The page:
Bothell police officer Garrett Ware (left) and Sgt. John Rogers demonstrate the RadRover Electric Fat Bike, which the department added to its bike fleet in February. Rogers proposed purchasing the e-bikes last winter. Photo courtesy of Judy Furlong

Bothell police officer Garrett Ware (left) and Sgt. John Rogers demonstrate the RadRover Electric Fat Bike, which the department added to its bike fleet in February. Rogers proposed purchasing the e-bikes last winter. Photo courtesy of Judy Furlong

Bothell police blazes the e-trail

Bothell police’s recently purchased e-bikes provide tactical advantages and give officers a way to connect with the community.

  • Thursday, November 1, 2018 10:39am
  • News

It may not have a lip-sync video gone viral like the Seattle police, but since February, the Bothell Police Department has been sporting ultra-cool e-bikes.

Sgt. John Rogers, in charge of special operations at BPD, started checking into e-bikes last year when it came time to assess the department’s aging bicycle fleet. He had a chance to try one out at a University of Washington football game when Rad Power Bikes, a consumer-direct manufacturer located in Seattle’s Ballard neighborhood, provided e-bikes for officers patrolling the game to try.

After his ride around the Husky game, Rogers was hooked. He put together a proposal in December 2017, and in February, BPD purchased two RadRover Electric Fat Bikes to add to their existing bike fleet.

Rad Power Bikes has also supplied e-bike fleets to police departments in Normandy Park, Washington and Baltimore County, Maryland, said Brian Rinckenberger, commercial sales director. He added that they are currently in an evaluation period with the Vancouver Police Department in British Columbia, Canada.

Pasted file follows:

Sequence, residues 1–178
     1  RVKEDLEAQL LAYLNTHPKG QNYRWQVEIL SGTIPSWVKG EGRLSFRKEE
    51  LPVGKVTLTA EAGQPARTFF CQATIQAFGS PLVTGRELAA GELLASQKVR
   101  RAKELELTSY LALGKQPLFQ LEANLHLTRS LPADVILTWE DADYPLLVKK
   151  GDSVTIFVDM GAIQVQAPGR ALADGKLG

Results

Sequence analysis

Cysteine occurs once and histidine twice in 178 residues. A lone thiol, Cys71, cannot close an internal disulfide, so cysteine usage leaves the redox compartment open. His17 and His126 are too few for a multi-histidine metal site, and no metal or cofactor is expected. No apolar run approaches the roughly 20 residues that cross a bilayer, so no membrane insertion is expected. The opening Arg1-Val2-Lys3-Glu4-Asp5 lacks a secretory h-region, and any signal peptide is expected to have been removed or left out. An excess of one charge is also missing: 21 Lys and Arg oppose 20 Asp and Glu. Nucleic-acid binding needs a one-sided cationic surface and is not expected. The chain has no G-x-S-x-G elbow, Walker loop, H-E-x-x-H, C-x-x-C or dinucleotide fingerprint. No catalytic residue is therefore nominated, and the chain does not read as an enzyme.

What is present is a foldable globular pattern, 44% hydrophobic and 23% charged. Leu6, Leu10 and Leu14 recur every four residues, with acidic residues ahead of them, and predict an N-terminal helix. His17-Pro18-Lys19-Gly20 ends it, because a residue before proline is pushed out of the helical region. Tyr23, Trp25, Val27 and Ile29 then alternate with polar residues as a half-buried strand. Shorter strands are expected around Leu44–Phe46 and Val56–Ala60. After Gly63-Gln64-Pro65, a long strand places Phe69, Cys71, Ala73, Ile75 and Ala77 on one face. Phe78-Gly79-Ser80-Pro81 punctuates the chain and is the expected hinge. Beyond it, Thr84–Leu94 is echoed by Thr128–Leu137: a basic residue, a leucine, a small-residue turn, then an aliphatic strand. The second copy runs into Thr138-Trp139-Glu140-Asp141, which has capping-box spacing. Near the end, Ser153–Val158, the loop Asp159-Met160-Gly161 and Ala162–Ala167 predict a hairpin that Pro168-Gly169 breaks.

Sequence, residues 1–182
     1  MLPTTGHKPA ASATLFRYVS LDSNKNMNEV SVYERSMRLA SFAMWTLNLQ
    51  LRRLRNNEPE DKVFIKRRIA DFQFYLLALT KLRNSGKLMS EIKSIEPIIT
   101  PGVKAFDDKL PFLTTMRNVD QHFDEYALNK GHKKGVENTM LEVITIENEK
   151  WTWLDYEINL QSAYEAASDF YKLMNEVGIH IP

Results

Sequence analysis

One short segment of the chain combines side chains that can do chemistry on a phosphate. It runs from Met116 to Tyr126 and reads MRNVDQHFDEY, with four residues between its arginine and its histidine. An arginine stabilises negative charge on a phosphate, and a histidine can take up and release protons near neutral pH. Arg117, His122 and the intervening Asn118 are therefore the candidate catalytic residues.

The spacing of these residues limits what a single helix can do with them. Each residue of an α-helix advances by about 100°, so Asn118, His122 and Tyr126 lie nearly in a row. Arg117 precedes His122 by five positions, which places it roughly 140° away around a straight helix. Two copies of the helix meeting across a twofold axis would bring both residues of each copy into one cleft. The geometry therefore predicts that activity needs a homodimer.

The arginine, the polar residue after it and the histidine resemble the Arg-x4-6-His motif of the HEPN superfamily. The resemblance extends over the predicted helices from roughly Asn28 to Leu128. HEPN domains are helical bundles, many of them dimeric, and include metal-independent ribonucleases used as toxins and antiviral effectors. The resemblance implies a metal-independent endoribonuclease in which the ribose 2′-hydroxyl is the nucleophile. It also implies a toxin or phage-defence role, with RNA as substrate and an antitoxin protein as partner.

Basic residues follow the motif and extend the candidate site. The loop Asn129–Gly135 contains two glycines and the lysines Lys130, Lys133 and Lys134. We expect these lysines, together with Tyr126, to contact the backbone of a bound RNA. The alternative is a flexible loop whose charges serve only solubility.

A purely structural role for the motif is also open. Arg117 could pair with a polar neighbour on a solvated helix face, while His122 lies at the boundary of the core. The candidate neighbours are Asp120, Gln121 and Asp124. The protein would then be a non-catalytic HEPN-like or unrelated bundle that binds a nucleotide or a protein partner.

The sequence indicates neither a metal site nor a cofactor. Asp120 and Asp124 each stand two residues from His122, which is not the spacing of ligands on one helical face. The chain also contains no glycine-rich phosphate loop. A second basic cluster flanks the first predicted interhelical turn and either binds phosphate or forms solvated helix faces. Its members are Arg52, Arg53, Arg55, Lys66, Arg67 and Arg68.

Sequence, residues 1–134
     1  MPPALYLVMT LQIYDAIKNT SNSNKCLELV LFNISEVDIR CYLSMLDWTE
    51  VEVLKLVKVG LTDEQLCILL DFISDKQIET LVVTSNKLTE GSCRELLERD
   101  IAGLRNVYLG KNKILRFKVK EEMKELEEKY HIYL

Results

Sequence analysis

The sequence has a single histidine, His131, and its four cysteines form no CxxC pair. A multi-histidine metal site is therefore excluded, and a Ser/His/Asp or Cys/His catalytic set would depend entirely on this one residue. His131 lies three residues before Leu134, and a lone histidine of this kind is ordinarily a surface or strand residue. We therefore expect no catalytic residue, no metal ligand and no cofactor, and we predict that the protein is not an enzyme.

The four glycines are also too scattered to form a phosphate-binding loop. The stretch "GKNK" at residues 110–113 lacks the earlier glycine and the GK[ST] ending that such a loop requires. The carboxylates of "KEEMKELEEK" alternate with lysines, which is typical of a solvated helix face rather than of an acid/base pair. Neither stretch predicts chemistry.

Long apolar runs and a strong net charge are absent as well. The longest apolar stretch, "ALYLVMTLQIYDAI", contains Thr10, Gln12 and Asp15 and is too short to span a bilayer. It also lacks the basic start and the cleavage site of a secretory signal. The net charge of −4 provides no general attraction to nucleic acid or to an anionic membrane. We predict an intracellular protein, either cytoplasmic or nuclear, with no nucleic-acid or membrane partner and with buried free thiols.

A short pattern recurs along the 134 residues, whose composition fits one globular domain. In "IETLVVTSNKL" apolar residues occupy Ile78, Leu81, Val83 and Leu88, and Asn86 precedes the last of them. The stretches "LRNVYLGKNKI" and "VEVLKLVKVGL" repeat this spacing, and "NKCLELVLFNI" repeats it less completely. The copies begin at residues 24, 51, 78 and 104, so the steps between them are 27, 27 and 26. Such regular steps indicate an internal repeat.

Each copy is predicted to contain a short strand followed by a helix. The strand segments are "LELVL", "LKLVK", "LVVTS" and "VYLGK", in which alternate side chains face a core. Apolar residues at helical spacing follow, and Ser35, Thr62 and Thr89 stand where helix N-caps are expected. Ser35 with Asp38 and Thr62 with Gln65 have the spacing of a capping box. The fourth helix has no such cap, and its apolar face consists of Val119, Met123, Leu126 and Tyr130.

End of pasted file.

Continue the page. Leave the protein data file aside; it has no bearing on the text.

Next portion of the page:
E-bikes have enhanced the effectiveness of mounted patrol by allowing officers to travel farther, respond faster and not be fatigued when arriving on the scene, Rinckenberger said.

The bikes have a pedal-assist mode, a smart feature in which the electric motor kicks in when the rider starts pedaling, and a twist throttle that works like a scooter, only the electric motor is silent. The rider can also pedal with no assist.

E-bikes also allow departments to connect and build trust with the communities they serve, Rinckenberger said.

“Police officers are more visible and approachable on a bicycle versus a vehicle,” he said.

Bothell police officer Garrett Ware is the school resource officer at Bothell High School and said riding an electric bike helps him connect with the students, who think his bike is pretty cool. Photo courtesy of Judy Furlong

Bothell police officer Garrett Ware is the school resource officer at Bothell High School and said riding an electric bike helps him connect with the students, who think his bike is pretty cool. Photo courtesy of Judy Furlong

BPD school resource officer Garrett Ware, who patrols Bothell High School, said the e-bikes garner a lot of attention.